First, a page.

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11/9/2011
02:55 PM
Rob Preston
Rob Preston
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Foreigners Don't Take IT Jobs, They Create Them

Research shows that immigrant-founded companies generate billions in revenue and employ hundreds of thousands of Americans, so why do so many people want to seal our borders?

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My colleague Paul McDougall's recent column on the Occupy Wall Street movement and its potential to make U.S. companies fidgety about their IT offshoring strategies drew a fair bit of reader commentary. McDougall's premise, expanding on comments in the Indian press by HCL Technologies CEO Vineet Nayar, was that the OWS protests could pressure U.S.-based companies to keep IT and other jobs in this country or face a backlash from American citizens increasingly worried about their employment prospects.

The eight commenters came to pretty much the same conclusion: If we keep foreigners out of the U.S., employment will rise and the economy will rebound. One of the more articulate commenters, someone whose "job was outsourced to a foreign company doing business in the US," put things this way:

"We need to put Americans back to work by sending all of these foreign nationals home. Hire Americans first. If a company wants to outsource, require that American citizens and permanent residents are used by the vendor. This would help the economy some. I truly hope that OWS threatens outsourcing to foreign companies and foreign workers."

Another commenter insisted that H-1B and other work visas "be immediately suspended. MILLIONS of our better paying jobs would be instantly RETURNED, to Americans, in America."

While I understand the deep frustrations and fear that accompany 9%-plus national unemployment, I'm not buying this line of reasoning. A body of evidence shows that encouraging highly educated technology and other professionals to come to the U.S., or to stay here after graduating from U.S. universities with engineering or other technical degrees, actually increases employment and economic growth because those go-getters are more likely than the average professional to start and build businesses.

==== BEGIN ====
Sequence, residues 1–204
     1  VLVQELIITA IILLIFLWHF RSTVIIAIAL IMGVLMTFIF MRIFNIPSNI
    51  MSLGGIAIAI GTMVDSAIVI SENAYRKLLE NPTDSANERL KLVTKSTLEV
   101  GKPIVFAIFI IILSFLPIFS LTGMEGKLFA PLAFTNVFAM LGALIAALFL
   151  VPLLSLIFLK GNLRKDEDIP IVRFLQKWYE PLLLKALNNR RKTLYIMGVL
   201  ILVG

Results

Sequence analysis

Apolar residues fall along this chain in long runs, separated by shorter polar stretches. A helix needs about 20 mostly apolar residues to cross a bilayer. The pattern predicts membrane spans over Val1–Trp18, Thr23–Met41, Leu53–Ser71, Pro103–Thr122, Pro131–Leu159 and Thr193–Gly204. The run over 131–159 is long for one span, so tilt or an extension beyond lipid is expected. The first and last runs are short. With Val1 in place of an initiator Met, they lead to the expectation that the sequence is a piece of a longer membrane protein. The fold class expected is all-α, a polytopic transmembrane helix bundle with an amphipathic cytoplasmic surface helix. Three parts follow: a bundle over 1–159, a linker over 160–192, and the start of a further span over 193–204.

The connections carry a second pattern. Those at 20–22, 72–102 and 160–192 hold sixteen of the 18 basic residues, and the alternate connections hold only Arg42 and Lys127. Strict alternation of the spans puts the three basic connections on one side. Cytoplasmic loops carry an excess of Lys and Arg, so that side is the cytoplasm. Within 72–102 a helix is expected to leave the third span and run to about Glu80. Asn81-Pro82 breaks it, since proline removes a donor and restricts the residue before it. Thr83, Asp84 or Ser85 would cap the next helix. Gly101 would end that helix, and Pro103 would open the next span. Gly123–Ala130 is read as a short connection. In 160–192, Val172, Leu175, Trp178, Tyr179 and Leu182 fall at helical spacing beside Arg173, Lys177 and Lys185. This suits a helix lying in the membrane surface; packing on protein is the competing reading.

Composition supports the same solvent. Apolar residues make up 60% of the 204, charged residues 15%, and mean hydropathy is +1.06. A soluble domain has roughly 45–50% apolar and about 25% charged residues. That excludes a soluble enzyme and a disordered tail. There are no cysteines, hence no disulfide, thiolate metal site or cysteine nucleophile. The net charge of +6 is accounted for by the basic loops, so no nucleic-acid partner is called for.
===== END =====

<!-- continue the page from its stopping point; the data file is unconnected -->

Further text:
A research team led by Vivek Wadhwa of Duke University, building on studies conducted in the 1990s by AnnaLee Saxenian of the University of California at Berkeley, determined that in a quarter of the U.S. science and tech companies founded between 1995 and 2005, the chief executive or lead technologist was foreign-born. Wadhwa's research estimates that those immigrant-founded companies generated $52 billion in revenue and employed 450,000 people in 2005. In Silicon Valley, the percentage of immigrant-founded startups was even higher: 52% in 2005. Looking over the rich history of the U.S. high-tech industry, consider the economic contributions of companies such as Intel, Oracle, Google, and eBay--all of them with immigrant founders.

Furthermore, Wadhwa's research found that foreign nationals living in this country were listed as inventors or co-inventors in 25.6% of patent applications filed from the U.S. in 2006, up from 7.6% in 1998. Foreign nationals also contributed to most of the patent applications at Qualcomm, Merck, GE, and Cisco at that time, his team found.

More recently, a 2011 report from the Partnership for a New American Economy finds that more than 40% of the current Fortune 500 companies were founded by immigrants or their children. The revenue generated by those companies "is greater than the GDP of every country in the world outside the U.S., except China and Japan," the report states.

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In a speech in Washington in late September, New York Mayor Michael Bloomberg, who made his billions developing systems for financial traders, called on Congress to eliminate the cap on H-1B visas, increase the number of green cards for technical pros, and give foreign students with PhDs in science and tech fields permanent resident status. "Turning these students out of the country is, to put it bluntly, about the dumbest thing we could possibly do," Bloomberg said.